How To Become a Teacher Without a Degree
By Indeed Editorial Team
Updated 28 September 2022
Published 19 July 2021
The Indeed Editorial Team comprises a diverse and talented team of writers, researchers and subject matter experts equipped with Indeed's data and insights to deliver useful tips to help guide your career journey.
It's very often the case that getting into teaching requires you to have completed a university degree. However, this isn't always necessary, as there are alternative routes to become a teacher available to you. To become a teacher without a degree is certainly possible, although you're going to have to acquire some training, experience or qualifications. In this article, we discuss the possibilities of becoming a teacher without a degree, the teaching qualifications you can acquire and the different schools you might work at.
What does a teacher do?
The job of a teacher is to develop and plan lessons for school pupils between the ages of five and 18. Even if you specialise in teaching certain subjects, the school may require you to teach a broad range of ages and classes. Your job is to ensure that your lesson plans and materials are adequate for the job, up-to-date and engaging for students. Teachers also assign homework and tests and mark them and give students feedback. They also prepare students for external exams and qualifications. Beyond learning activities, teachers also act as mentors and manage classroom behaviour.
In the United Kingdom, teaching positions broadly fall under one of two categories: primary education or secondary education. Knowing which educational stage you want to teach is an important part of planning to become a teacher. Whereas a primary school teacher's teaching work usually covers an entire curriculum, a secondary school teacher specialises in a certain subject or two. In both cases, schools expect teachers to work with parents, school governors or parent councils, depending on where the school is in the UK. Additionally, there are certain differences between the primary learning stages between England, Scotland, Wales and Northern Ireland:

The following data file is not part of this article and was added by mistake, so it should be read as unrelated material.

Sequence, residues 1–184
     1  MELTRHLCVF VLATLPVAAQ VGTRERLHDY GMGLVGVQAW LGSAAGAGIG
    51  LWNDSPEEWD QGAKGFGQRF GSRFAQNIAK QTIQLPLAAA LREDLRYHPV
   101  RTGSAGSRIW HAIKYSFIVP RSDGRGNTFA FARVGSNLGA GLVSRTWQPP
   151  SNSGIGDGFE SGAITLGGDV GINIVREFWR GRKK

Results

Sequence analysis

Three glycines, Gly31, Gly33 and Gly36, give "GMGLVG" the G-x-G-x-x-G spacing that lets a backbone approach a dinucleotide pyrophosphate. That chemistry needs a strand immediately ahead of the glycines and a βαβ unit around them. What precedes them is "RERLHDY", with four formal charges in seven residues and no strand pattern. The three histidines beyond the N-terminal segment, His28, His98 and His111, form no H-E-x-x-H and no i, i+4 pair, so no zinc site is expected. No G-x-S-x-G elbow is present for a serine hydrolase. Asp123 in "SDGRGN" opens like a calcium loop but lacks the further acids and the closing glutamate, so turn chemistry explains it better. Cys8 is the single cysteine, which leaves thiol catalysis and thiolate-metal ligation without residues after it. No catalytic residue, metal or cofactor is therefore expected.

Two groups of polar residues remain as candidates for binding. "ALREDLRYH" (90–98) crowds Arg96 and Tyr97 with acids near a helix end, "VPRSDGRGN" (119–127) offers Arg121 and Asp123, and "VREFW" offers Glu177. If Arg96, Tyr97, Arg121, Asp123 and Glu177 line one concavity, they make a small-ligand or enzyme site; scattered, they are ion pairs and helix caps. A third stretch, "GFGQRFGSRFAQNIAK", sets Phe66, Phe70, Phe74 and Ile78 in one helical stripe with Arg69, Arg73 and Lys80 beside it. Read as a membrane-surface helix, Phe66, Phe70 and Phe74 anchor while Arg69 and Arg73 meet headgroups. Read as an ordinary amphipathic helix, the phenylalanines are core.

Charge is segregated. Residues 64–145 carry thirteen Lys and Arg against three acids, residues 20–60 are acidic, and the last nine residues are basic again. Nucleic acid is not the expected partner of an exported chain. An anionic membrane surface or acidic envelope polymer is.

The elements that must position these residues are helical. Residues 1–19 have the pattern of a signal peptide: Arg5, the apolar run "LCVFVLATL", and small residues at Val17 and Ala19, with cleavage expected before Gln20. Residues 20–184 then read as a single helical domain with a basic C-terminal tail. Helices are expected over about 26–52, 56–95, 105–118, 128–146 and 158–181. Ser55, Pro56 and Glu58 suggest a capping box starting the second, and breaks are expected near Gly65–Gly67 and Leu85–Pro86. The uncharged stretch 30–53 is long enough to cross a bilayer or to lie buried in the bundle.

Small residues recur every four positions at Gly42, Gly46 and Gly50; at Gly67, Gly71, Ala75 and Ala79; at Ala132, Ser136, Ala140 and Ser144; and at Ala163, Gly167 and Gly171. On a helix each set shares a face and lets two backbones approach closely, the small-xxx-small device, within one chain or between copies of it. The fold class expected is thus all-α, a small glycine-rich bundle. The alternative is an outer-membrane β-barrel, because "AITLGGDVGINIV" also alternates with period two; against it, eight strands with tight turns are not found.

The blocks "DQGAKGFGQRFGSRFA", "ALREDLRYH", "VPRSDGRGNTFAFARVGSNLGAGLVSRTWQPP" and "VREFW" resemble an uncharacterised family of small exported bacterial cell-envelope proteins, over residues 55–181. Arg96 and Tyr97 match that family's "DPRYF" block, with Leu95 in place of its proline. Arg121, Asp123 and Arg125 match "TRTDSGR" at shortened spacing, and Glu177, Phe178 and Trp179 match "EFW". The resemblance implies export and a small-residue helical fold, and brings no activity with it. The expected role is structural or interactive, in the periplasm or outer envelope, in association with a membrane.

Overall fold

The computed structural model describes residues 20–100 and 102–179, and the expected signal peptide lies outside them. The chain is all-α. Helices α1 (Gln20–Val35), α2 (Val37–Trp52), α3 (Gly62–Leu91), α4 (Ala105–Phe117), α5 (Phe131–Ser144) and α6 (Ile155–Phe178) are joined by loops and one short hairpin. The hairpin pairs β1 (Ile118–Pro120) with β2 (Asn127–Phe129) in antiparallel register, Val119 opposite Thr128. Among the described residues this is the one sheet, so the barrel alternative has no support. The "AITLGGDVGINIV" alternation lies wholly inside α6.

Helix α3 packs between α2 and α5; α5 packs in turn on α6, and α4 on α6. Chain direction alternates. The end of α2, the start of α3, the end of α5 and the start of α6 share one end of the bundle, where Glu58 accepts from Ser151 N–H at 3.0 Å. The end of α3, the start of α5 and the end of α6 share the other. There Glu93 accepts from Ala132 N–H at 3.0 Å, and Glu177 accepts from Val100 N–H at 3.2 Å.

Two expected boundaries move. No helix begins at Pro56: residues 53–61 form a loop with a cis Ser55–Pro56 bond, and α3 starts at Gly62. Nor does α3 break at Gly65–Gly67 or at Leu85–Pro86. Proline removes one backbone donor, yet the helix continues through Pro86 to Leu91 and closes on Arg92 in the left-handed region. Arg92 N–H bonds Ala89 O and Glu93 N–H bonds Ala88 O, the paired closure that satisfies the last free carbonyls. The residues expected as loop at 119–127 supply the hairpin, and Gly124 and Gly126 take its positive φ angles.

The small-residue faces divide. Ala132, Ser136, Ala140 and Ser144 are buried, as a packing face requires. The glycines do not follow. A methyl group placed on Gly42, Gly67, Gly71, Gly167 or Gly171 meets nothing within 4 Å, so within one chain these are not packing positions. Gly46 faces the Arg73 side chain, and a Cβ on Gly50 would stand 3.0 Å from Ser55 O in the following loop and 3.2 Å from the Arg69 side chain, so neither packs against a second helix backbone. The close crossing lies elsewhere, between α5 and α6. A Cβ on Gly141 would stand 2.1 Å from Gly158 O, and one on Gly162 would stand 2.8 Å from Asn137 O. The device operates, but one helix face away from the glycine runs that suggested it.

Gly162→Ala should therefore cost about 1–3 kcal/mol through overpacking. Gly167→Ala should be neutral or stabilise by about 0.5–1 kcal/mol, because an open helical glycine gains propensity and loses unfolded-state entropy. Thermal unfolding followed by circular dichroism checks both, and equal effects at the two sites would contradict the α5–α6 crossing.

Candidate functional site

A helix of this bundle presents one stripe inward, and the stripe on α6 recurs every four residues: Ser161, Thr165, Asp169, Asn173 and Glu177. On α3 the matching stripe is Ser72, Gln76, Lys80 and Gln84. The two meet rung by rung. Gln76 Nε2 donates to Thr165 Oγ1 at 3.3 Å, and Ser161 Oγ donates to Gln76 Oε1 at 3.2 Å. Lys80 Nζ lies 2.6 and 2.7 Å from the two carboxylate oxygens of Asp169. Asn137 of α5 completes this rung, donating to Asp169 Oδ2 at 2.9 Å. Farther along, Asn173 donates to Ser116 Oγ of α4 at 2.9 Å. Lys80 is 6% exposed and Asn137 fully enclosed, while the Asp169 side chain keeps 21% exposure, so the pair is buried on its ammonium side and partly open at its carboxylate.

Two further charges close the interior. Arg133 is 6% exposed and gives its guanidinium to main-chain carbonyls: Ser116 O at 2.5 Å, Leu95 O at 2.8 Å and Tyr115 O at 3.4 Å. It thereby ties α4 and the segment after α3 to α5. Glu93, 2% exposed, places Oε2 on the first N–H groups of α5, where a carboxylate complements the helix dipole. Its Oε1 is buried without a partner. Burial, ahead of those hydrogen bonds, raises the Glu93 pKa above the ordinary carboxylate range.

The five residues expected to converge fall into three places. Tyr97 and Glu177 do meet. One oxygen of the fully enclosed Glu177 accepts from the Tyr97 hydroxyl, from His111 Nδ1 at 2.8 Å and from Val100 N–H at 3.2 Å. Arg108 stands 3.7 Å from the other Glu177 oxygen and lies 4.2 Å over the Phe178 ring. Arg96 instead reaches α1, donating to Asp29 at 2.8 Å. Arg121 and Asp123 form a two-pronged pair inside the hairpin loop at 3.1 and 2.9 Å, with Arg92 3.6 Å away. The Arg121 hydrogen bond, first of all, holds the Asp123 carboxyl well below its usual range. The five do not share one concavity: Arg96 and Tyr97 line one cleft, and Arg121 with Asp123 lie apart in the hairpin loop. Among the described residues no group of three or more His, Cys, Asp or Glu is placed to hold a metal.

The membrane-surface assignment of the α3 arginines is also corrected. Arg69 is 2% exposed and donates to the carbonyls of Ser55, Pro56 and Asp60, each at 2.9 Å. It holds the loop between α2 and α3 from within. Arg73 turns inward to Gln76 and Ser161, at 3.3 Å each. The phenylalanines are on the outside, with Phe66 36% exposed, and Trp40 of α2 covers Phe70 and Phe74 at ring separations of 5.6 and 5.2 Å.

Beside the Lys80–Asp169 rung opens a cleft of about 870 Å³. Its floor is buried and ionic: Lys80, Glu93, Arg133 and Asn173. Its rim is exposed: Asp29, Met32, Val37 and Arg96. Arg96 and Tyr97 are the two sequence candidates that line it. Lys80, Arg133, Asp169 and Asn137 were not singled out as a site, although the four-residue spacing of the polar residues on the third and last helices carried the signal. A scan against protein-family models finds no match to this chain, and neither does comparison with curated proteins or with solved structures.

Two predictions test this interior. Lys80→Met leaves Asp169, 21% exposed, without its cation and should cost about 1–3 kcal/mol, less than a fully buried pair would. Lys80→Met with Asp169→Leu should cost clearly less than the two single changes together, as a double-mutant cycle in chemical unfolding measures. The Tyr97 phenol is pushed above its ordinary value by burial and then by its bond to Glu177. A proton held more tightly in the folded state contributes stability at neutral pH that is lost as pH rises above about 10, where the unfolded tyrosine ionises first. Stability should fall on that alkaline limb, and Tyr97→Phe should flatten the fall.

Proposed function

England: in England, primary schools follow the national curriculum and are most often divided into three stages: foundation stage (ages three to five), Key Stage 1 (ages five to seven) and Key Stage 2 (ages seven to 11).
Scotland: Scottish primary schools follow the Curriculum for Excellence (CfE), and are divided into three stages: Nursery and P1 (ages four to five), P2-4 (ages six to eight) and P5-7 (ages nine to 11).
Wales: primary schools in Wales follow the Foundation Phase and national curriculum, and are split into just two distinct stages: Foundation Phase (ages three to seven) and Key Stage 2 (ages seven to 11). However, the new Curriculum for Wales 2022 is going to be implemented and develop a seamless, single curriculum for all pupils aged three to 16.
Northern Ireland: the primary school system in Northern Ireland is divided into three learning stages, based on the Northern Ireland curriculum: Foundation Stage (ages four to six), Key Stage 1 (ages six to eight) and Key Stage 2 (ages eight to 11).